With Costigan's help, Costello is tracked to a cocaine drop-off, where he and his crew become trapped in a gunfight with police, resulting in most of the mobsters being killed. As the wounded Costello attempts an escape he is confronted by Sullivan. Costello admits he is an occasional FBI mole and tries to shoot Sullivan. Sullivan fires first, killing Costello.

With Costello dead, Sullivan is applauded for his actions. In good faith, Costigan comes to him for restoration of his true identity but notices the envelope containing the details of Costello's men on Sullivan's desk and flees from the building. Knowing he has been found out, Sullivan erases all records of Costigan as a trooper from the police agency's computer system.

Costigan leaves an envelope in the care of Madolyn, with whom he has had a love affair but who now lives with Sullivan. Some time later, Costigan sends Sullivan an audio CD with a note requesting him to contact Costigan. However, Madolyn listens to the CD first and hears Sullivan and Costello's taped conversations. Sullivan walks in on her and tries to assuage her suspicions.

He contacts Costigan, who reveals that he is in possession of recordings by Costello that would implicate Sullivan as a rat in the police department. They agree to meet at the empty building where Queenan died. Costigan surprises Sullivan, holding him at gunpoint, intent on arresting him. Officer Brown, who is both Sullivan's colleague and an academy friend of Costigan, appears and draws his gun on Costigan. Using Sullivan as a shield, Costigan gets into the elevator. As it reaches the ground floor, Costigan is shot by Sullivan's other colleague Barrigan and dies. Brown appears on the scene but is shot and killed by Barrigan, who reveals himself as Costello's second mole. Not wanting any loose ends, Sullivan shoots and kills Barrigan. Back at police headquarters, Sullivan blames all mole activity on Barrigan and has Costigan posthumously rewarded with the Medal of Valor.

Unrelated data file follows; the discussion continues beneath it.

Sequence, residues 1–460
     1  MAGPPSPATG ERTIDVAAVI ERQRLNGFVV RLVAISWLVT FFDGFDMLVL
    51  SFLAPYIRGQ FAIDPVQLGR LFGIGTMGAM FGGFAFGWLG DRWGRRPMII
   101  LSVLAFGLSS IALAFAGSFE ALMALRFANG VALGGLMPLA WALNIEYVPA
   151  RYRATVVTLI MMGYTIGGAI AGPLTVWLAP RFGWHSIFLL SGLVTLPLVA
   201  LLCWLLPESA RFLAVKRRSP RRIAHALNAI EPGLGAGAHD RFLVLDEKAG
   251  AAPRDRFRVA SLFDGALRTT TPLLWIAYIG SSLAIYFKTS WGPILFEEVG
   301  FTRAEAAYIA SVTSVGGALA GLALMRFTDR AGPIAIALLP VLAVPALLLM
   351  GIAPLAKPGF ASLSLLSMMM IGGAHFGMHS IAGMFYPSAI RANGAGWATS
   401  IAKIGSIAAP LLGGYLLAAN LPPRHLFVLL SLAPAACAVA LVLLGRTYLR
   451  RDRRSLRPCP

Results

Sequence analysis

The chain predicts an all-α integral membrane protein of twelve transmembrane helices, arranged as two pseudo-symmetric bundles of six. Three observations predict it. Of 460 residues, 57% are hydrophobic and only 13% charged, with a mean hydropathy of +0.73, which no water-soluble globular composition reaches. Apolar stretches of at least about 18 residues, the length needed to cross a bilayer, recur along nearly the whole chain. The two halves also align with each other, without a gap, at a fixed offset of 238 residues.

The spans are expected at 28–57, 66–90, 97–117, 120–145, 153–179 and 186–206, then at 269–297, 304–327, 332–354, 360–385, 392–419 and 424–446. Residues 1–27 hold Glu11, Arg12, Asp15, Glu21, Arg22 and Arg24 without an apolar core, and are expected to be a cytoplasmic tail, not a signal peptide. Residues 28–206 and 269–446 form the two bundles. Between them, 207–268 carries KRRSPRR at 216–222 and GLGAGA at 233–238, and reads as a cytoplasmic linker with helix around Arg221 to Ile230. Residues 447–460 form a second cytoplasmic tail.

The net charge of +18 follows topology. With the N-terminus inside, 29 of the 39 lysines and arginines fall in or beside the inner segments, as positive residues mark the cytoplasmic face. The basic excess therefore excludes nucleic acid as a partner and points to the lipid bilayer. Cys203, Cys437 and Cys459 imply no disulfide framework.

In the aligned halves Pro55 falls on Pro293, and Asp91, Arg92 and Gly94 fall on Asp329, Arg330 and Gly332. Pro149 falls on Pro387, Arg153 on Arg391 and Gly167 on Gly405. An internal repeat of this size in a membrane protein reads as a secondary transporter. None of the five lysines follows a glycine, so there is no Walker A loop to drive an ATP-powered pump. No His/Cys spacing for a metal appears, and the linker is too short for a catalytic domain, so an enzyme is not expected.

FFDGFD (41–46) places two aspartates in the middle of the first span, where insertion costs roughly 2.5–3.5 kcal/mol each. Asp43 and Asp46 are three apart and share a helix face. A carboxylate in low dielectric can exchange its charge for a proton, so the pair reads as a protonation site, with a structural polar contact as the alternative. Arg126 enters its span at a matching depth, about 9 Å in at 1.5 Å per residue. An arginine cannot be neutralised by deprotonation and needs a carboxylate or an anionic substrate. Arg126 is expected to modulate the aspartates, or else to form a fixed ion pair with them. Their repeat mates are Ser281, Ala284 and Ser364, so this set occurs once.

At Costigan's funeral, a pregnant Madolyn is seen crying. Some time later, in the final scene, Sullivan comes home with a bag of groceries. Instead of Madolyn, Dignam is waiting for him with a suppressed pistol and kills him with a bullet to the head.


  • Leonardo DiCaprio as Trooper William "Billy" Costigan Jr., undercover State Trooper
  • Matt Damon as Staff Sergeant Colin Sullivan, Costello's informant in the Special Investigations Unit
  • Jack Nicholson as Francis "Frank" Costello, boss of the Boston Irish mob
  • Mark Wahlberg as Staff Sergeant Sean Dignam, second in command of the undercover unit
  • Martin Sheen as Captain Oliver Charles Queenan, commander of the undercover unit
  • Vera Farmiga as Dr. Madolyn Madden, occupational psychiatrist and girlfriend to both Billy and Colin, respectively
  • Ray Winstone as Arnold French, Costello's right-hand man
  • Alec Baldwin as Captain George Ellerby, commander of the Special Investigations Unit
  • Anthony Anderson as Trooper Brown, member of the Special Investigations Unit and Billy's classmate at the MSP Academy
  • James Badge Dale as Trooper Barrigan, member of the Special Investigations Unit and Colin's classmate at the state police academy
  • David O'Hara as "Fitzy" Fitzgibbons, one of Costello's enforcers
  • Mark Rolston as Timothy Delahunt, one of Costello's enforcers
  • John Cenatiempo as Mark Brambilla, Providence mob associate
  • Armen Garo as Eugene Fratti, Providence mob associate
  • Kevin Corrigan as Sean, Billy's cousin
  • Robert Wahlberg as FBI Special Agent Frank Lazio, FBI liaison to the special investigations unit
  • Gurdeep Singh as Pakistani Proprietor
  • Tracey Paleo as Darlene the Secretary